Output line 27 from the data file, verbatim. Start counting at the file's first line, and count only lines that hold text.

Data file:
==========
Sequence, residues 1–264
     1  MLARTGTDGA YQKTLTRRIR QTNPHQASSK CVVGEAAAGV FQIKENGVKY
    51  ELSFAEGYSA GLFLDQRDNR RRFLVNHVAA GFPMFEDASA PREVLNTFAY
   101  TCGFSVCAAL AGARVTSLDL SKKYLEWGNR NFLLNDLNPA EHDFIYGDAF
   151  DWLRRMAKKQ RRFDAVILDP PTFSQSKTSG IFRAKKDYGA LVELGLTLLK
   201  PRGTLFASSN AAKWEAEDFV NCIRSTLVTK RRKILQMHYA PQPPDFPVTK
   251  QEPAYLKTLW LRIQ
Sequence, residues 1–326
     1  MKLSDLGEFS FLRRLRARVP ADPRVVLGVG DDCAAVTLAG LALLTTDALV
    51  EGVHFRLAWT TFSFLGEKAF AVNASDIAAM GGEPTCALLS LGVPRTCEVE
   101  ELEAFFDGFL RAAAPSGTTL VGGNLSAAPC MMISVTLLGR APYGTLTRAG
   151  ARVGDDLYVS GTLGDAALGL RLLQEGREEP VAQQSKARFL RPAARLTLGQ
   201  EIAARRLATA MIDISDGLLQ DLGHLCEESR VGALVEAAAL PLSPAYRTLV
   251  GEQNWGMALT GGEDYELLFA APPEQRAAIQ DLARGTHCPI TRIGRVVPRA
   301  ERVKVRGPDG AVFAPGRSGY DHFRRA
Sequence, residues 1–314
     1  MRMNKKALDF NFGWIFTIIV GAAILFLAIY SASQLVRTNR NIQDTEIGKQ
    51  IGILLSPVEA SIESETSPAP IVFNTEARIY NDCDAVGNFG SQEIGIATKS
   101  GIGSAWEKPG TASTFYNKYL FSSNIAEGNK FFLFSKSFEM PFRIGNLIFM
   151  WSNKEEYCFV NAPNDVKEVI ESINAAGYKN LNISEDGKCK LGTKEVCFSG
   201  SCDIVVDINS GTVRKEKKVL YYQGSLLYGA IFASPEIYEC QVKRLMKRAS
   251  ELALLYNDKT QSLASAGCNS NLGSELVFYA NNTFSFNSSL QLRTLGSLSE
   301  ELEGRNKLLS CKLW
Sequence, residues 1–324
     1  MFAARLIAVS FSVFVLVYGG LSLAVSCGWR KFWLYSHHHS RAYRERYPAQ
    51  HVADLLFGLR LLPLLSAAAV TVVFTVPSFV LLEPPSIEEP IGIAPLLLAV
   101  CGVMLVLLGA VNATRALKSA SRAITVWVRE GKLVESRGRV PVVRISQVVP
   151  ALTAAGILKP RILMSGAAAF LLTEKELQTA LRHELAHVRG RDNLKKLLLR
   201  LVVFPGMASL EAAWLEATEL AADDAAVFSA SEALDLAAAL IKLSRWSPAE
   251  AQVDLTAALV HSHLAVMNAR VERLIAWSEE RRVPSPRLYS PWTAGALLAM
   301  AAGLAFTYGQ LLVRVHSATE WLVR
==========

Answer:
   101  CGVMLVLLGA VNATRALKSA SRAITVWVRE GKLVESRGRV PVVRISQVVP